Leah Iannone
This was like a 2 1/2 star book. Although fictional it is based on the real life circumstances of the Atlanta murders, a time between 1978 and 1980 where black children were getting kidnapped and killed by a serial killer. The story wasn't as interesting as I had hoped, but it gets points for the style in which it was written. It is told from the points of view of 3 children in different sections of the book, and their stories overlapped at some places. So in one section one person would narrate ...more
Didn't think I'd like it at first. The beginning felt like someone trying to force something into a box labeled 1979. But after stepping over the scattered jacks and coiled jumping ropes I walked into something genuine and heartfelt. Set among the weary, dirty streets of Atlanta in the late 70s a story of fear, desperation, pride, uncertainty and just simply doing what you got to do emerges with a clear, sure voice. Tayari Jones rides along in a side car just to make sure the story is told like ...more
(FROM JACKET)Beautifully evocative and written by a distinctive new voice in fiction, this novel is a unique literary event: a portrait of one of the darkest-and most overlooked-tragedies in American history, told through the voices of three unforgettable children...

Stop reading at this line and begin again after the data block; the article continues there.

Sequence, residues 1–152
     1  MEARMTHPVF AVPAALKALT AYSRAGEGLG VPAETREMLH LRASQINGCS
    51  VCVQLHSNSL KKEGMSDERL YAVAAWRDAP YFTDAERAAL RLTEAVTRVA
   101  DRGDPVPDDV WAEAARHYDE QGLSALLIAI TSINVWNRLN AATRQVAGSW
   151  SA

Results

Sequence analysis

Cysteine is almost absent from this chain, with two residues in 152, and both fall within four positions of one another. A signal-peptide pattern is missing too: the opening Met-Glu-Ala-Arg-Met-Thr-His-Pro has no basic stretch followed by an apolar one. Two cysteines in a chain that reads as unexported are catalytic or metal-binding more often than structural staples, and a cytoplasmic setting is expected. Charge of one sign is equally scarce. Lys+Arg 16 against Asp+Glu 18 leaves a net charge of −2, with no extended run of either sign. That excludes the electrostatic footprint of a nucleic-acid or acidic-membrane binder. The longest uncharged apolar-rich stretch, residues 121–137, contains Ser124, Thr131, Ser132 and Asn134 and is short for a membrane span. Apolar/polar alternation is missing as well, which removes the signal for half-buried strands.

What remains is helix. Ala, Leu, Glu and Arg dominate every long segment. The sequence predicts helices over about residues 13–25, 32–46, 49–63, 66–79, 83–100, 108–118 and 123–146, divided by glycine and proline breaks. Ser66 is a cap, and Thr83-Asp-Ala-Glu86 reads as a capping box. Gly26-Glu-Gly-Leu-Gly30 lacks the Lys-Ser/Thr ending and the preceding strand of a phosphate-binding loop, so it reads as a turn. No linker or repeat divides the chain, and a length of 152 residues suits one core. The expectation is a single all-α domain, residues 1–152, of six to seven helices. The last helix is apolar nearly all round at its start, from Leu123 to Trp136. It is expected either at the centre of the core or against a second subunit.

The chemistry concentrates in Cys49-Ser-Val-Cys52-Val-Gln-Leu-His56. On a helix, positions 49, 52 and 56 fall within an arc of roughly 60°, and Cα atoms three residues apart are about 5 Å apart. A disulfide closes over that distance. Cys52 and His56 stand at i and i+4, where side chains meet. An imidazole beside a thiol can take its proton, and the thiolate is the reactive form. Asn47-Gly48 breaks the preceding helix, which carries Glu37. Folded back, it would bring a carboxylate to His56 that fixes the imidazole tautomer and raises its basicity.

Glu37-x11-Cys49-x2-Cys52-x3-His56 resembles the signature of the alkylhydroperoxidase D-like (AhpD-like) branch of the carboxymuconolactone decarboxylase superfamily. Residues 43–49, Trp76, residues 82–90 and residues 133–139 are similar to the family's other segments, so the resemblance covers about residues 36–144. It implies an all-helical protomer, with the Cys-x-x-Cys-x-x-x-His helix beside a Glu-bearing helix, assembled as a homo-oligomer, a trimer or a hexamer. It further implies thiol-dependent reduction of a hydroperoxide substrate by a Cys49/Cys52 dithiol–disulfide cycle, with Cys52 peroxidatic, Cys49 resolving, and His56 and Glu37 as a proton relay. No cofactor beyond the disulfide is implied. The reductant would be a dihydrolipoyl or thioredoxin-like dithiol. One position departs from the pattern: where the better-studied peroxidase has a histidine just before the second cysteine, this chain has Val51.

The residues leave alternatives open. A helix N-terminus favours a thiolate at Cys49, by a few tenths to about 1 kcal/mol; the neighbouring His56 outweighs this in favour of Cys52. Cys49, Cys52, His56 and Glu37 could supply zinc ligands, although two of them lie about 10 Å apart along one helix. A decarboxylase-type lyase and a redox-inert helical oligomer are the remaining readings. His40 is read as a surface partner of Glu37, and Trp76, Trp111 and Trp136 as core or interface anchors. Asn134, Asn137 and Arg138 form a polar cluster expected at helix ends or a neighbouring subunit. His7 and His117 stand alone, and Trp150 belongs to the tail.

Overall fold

It was the end of summer, a summer during a two-year nightmare. African American children around Atlanta were vanishing, and twenty-nine would be murdered by the end of 1981. Like all kids across the city, fifth grade classmates Tash
Elyce Strong
One of the intriguing elements of Leaving Atlanta is that the fictitious story is set against the backdrop of a real-life circumstance, the Atlanta Child Murders that occurred from 1979 - 1981. Tayari Jones weaves together a tale of horror, mystery and coming-of-age within a frightful and unsettling world for the Black children of Atlanta. The book is set up in three parts, told from different points of view of three different characters. The first part is told in close third person through the ...more